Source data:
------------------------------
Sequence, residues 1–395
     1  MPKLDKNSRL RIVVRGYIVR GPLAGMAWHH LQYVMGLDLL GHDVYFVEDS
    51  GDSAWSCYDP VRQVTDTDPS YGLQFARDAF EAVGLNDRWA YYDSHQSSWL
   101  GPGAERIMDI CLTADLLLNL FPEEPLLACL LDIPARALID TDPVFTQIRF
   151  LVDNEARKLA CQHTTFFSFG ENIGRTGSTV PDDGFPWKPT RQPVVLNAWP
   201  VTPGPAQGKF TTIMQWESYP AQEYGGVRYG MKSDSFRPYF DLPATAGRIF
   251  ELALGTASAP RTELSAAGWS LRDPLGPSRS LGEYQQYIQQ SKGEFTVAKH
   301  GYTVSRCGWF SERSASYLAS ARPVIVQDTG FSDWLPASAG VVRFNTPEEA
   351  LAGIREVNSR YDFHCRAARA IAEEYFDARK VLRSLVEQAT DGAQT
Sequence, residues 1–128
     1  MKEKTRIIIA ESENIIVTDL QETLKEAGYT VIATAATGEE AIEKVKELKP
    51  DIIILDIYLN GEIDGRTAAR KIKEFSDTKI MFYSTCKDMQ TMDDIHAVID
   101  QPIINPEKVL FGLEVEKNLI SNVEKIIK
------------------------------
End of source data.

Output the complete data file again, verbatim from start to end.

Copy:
Sequence, residues 1–395
     1  MPKLDKNSRL RIVVRGYIVR GPLAGMAWHH LQYVMGLDLL GHDVYFVEDS
    51  GDSAWSCYDP VRQVTDTDPS YGLQFARDAF EAVGLNDRWA YYDSHQSSWL
   101  GPGAERIMDI CLTADLLLNL FPEEPLLACL LDIPARALID TDPVFTQIRF
   151  LVDNEARKLA CQHTTFFSFG ENIGRTGSTV PDDGFPWKPT RQPVVLNAWP
   201  VTPGPAQGKF TTIMQWESYP AQEYGGVRYG MKSDSFRPYF DLPATAGRIF
   251  ELALGTASAP RTELSAAGWS LRDPLGPSRS LGEYQQYIQQ SKGEFTVAKH
   301  GYTVSRCGWF SERSASYLAS ARPVIVQDTG FSDWLPASAG VVRFNTPEEA
   351  LAGIREVNSR YDFHCRAARA IAEEYFDARK VLRSLVEQAT DGAQT
Sequence, residues 1–128
     1  MKEKTRIIIA ESENIIVTDL QETLKEAGYT VIATAATGEE AIEKVKELKP
    51  DIIILDIYLN GEIDGRTAAR KIKEFSDTKI MFYSTCKDMQ TMDDIHAVID
   101  QPIINPEKVL FGLEVEKNLI SNVEKIIK